Medical staff wearing protective clothing take a patient off a ambulance at St Thomas' hospital as the spread of the coronavirus disease (Covid-19) continues, London, Britain, March 31, 2020 (Photo: REUTERS/Hannah McKay).

Lack of staffing and increased demand from patients is mounting unsustainable pressure on the NHS, putting patient safety and care at risk, a new poll of NHS leaders by the NHS Confederation revealed.

NHS leaders in England warned that the service has reached a “tipping point” with nearly 88 per cent saying “the demands on their organization are unsustainable.”

The survey, published ahead of the monthly performance figures for the NHS England, covered leaders across hospitals, ambulance services, mental health providers, community services, primary care and integrated care systems.

It highlighted primary care, urgent and emergency care as greatest areas of concern, with record levels of demand on A&E departments and increasing bed occupancy rates.

To help tackle the situation, the NHS leaders suggested that government should provide extra support for social care and ensure effective discharge arrangements.

This comes amid reports that one in five beds in some hospitals are occupied by medically fit patients, but for whom there is no care package available to leave hospital.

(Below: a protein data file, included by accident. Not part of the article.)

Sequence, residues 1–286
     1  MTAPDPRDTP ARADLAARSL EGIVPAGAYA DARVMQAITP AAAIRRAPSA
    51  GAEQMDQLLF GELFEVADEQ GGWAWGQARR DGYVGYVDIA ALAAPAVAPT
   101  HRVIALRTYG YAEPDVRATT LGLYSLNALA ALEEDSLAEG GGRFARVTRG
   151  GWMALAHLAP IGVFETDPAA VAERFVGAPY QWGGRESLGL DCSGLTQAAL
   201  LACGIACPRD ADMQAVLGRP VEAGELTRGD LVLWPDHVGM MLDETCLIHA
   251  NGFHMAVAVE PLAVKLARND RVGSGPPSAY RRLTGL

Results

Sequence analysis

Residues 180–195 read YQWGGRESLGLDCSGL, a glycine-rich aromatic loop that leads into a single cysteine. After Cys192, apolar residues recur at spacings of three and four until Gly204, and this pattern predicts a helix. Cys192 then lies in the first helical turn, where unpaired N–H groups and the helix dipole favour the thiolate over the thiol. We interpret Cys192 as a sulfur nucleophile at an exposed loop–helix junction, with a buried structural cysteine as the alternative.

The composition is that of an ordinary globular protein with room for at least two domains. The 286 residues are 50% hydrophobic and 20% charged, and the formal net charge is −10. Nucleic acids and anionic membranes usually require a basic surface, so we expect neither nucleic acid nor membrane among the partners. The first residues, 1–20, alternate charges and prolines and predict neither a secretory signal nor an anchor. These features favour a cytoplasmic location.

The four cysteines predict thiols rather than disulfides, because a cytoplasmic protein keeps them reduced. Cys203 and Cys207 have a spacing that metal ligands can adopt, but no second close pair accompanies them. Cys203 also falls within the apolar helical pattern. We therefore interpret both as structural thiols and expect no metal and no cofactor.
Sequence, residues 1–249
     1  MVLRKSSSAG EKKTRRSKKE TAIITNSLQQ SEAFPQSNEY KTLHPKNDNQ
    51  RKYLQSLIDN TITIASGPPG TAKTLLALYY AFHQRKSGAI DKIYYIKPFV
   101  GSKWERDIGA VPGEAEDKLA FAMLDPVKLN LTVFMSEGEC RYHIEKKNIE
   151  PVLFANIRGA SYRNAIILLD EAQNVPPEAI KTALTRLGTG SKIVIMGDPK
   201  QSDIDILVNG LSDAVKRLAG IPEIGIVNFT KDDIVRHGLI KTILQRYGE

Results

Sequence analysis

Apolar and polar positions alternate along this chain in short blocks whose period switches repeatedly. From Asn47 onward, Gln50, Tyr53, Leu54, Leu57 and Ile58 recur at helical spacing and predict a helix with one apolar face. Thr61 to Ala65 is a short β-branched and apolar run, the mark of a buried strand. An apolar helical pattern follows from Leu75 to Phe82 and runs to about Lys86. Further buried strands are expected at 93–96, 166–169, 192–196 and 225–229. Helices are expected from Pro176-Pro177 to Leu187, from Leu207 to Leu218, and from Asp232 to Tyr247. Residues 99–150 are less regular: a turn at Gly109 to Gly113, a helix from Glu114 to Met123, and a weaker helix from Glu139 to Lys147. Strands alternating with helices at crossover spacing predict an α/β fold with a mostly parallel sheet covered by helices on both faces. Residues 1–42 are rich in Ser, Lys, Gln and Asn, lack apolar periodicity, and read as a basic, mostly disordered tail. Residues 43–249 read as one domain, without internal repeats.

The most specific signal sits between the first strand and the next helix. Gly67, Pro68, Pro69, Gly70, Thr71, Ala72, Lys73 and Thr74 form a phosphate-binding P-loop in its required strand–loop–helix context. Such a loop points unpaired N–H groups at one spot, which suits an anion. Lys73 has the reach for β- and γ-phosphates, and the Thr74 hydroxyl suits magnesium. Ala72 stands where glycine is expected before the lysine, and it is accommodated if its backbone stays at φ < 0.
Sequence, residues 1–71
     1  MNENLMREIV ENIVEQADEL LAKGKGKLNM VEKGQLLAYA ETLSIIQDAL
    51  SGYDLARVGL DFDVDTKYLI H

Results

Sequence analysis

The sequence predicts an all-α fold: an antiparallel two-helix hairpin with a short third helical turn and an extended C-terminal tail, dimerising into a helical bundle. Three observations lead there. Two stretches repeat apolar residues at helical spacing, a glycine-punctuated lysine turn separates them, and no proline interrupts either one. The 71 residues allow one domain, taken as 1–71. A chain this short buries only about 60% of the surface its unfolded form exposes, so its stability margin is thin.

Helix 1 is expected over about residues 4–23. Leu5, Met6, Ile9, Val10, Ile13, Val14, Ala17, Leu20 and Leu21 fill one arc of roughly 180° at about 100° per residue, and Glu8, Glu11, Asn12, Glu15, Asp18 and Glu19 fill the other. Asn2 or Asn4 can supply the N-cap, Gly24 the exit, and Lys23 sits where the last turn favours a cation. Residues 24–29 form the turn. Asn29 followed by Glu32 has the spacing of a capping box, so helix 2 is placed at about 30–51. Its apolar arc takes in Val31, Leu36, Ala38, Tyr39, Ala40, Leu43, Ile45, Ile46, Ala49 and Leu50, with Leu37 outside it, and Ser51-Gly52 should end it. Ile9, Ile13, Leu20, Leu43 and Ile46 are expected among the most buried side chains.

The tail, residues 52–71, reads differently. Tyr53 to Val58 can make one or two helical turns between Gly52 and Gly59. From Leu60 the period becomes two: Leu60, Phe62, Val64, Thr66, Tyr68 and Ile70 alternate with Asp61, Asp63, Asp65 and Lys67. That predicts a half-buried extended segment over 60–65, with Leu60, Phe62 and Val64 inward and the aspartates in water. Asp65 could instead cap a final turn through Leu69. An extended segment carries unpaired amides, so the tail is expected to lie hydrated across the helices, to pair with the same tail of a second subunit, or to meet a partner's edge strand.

Despite the severe pressures, local services have managed to treat significant numbers of patients, with 1.1 million procedures carried out in August alongside 25.5 million appointments in primary care.

Commenting on the findings, Matthew Taylor, chief executive of the NHS Confederation said: “The health and social care secretary says the NHS is not under unsustainable pressure, but NHS leaders are clear that we have reached a tipping point.

Javid has come under fire for claiming at a recent press conference, that he did not believe the pressure on the NHS was unsustainable.

Taylor added that the situation is expected to worsen further during the winter unless an action is taken now.

He suggested that government should provide extra funding to social care services to help fill staffing vacancies and persuade them back into the sector.

He said: “It would be better to allocate more immediate funding, from the recent funding settlement, to social care services, as boosting the numbers of care staff will have much greater impact on reducing pressures on hospitals and other parts of the NHS.”

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